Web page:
I've become a big fan of The Hairpin over the course of this year (it's recently become my home page), and thought I'd stop lurking and join you all in the comments. Skanky Baggington is one among the litany of nicknames bestowed upon me by my longtime, live-in, boyfriend and I use it proudly. If you see a Skanky Baggington occasionally on Jezebel and Yippayap (as a blue rose), or the A.V. Club and here (as the wonderful Edna St. Vincent Millay), then you're looking at my personal brand of nonsense. You'll most likely see me anywhere anyone is reminiscing about the pop culture of their youth, or anywhere people are talking about celebrities they want to bone.
@deepomega: I think what a lot of people criticizing this show don't seem to get is that this is a very low budget cable production, and it doesn't have a friggin' writers room like a sitcom on a major network. You repeating over and over about how she needs to hire more writers is not the great point that you think it is. There's only one writer credited for the majority of these episodes, Lena Dunham, with the others only having a total of two writers, as is common with cable t.v. I'm not a regular watcher of "How I Met Your Mother", but that is a major network show with a team of writers, that's been on for nearly a decade, and I've never seen anyone screaming about how that show needs to be made an example of for the whitewashing of everything. It's been on for years and years, and I've never seen any POC on it. I'm not saying it's right, or that I agree with it, but the approach "Girls" has taken is obviously one of satire about entitled, over grown white kids, who think they're something special and have a myopic world view. The HBO commercials hyped it up to be some "voice of everyone" nonsense, but I've never once heard Lena Dunham say that herself. Also, enough people liked her idea to put her life on tv, and thought she was a good writer, so any of us here saying she's not really means nothing in the grand scheme of things. I'm not telling people what they can or can't waste their time complaining about, but given all the potentially race related things one could make points on, this seems pretty damn minor.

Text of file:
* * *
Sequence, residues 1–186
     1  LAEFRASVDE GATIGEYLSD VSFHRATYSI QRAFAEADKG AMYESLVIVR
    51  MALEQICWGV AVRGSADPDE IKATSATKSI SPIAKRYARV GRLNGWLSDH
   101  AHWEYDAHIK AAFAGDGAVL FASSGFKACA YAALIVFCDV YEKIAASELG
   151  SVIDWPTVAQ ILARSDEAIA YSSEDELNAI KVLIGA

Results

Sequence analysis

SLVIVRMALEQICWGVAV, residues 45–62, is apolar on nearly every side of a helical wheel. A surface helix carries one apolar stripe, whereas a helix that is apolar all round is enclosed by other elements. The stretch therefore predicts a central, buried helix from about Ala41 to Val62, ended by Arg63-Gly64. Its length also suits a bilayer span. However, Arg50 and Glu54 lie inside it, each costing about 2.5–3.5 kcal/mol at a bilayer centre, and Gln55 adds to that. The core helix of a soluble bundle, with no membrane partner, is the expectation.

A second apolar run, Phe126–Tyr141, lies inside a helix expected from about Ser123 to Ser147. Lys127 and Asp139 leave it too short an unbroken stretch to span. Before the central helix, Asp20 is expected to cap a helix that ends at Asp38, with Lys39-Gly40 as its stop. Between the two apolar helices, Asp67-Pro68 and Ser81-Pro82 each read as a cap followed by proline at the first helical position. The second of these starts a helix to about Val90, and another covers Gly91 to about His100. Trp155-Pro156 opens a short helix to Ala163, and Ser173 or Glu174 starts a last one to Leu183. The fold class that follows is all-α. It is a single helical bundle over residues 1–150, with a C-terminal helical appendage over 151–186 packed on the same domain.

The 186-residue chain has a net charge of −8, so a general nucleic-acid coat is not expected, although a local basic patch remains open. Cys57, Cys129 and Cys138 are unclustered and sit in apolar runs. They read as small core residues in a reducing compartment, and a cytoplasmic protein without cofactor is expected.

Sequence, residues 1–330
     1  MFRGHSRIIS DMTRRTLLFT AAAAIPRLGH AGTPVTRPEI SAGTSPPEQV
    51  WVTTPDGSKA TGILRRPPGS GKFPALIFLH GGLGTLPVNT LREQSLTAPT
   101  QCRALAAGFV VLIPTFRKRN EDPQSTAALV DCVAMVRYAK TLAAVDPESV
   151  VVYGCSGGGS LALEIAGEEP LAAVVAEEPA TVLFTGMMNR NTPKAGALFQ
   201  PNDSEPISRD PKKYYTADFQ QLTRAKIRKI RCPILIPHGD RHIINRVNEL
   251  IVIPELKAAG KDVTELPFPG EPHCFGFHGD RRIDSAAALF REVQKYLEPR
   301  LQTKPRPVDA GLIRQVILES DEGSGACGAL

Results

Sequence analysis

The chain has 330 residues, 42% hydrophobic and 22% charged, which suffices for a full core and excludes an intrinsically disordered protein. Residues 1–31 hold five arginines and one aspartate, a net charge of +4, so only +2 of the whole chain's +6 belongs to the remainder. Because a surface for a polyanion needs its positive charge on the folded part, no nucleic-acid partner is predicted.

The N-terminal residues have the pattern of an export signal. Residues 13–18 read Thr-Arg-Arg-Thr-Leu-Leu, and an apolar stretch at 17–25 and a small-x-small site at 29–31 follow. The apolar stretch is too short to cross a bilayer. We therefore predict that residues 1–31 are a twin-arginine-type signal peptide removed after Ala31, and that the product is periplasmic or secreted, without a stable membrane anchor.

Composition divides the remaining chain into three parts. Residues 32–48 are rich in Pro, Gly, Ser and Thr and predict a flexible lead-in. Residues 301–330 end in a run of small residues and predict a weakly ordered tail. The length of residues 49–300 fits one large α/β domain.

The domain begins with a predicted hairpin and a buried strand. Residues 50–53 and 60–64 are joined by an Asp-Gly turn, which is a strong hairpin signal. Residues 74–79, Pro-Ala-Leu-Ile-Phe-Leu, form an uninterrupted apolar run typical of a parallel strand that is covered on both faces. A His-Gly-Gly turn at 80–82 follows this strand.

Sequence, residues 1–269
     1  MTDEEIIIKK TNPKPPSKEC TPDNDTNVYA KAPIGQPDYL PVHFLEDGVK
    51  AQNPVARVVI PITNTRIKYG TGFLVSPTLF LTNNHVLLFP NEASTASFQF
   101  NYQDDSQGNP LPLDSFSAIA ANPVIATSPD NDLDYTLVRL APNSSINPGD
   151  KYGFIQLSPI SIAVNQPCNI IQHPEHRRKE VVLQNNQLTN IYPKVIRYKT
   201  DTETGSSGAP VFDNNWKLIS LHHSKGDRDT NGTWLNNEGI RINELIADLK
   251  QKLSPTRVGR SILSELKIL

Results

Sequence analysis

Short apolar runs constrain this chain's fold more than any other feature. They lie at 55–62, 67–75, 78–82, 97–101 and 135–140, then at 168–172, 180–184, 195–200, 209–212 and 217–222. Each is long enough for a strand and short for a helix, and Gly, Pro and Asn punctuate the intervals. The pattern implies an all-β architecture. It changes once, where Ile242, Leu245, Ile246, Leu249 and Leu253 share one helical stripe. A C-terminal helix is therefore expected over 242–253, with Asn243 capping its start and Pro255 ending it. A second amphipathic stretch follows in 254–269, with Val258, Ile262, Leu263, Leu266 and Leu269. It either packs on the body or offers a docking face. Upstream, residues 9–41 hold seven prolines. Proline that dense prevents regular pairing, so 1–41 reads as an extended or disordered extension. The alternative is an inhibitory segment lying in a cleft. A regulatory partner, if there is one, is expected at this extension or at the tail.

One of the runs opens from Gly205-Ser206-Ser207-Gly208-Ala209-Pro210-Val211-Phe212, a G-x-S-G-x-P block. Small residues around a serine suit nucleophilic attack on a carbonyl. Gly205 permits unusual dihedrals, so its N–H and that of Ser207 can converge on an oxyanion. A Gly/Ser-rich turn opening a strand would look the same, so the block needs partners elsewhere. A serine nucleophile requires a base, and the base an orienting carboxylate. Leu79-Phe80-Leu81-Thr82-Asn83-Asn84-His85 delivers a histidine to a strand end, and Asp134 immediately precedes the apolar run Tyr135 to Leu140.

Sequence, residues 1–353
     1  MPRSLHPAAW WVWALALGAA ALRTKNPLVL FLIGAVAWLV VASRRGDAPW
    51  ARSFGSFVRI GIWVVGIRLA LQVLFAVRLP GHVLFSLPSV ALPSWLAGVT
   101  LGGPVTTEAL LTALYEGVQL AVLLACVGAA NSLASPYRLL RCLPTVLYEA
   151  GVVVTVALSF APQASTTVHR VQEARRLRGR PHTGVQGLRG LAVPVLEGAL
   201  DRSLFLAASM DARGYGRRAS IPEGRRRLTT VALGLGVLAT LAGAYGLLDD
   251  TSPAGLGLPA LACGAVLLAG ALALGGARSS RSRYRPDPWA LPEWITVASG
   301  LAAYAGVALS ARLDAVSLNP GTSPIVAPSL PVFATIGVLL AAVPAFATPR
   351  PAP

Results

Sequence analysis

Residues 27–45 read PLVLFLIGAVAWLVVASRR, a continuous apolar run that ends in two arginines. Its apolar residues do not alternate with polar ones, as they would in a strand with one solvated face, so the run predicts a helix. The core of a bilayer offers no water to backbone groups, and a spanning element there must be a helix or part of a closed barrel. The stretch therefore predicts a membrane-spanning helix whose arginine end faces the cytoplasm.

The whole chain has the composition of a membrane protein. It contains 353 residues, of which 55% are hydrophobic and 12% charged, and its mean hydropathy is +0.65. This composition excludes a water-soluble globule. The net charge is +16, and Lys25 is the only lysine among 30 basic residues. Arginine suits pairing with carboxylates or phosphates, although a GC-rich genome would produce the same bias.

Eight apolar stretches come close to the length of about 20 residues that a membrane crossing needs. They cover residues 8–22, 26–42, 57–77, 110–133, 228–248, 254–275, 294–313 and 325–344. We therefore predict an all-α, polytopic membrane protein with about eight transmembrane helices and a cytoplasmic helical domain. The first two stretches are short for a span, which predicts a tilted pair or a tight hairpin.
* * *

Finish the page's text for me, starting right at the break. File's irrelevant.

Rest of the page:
@leon.saintjean: I think in this day and age it is an accomplishment to have done much of anything by Dunham's age. The amazing examples you used aren't anywhere near this current generation of 20 something's, and weren't even a part of my parents generation either. I'm a millennial, and I think Louis C.K. got it right when he called my age group a bunch of useless assholes, but that's just my personal bias.
@WaityKatie: No, I'm saying *everything* boils down to "you're just jealous", at all. I usually love The Hairpin, and was dismayed to see such a "jealous" attitude in a fair number of comments to this article (and I'm talking *only* about the privilege aspect here), and there were a LOT of comments about how Lena Dunham and her co-stars/friends are only where they currently are because of their famous parents, and I think getting upset about things like *that* in not productive for anyone, and is just an exhausting attitude to have.
@Marika Pea@twitter: I said *more* articles, not that there haven't been any, and what little I have seen said about certainly hasn't affected the baffling success of the show. Also, I was agreeing with something a fellow commenter said, so how is that "shutting down productive conversation"? Also, I've been accused today of being condescending here, and maybe that's true, but "I'm not sure which internet you're on?" Really? That's pretty unnecessarily dickish.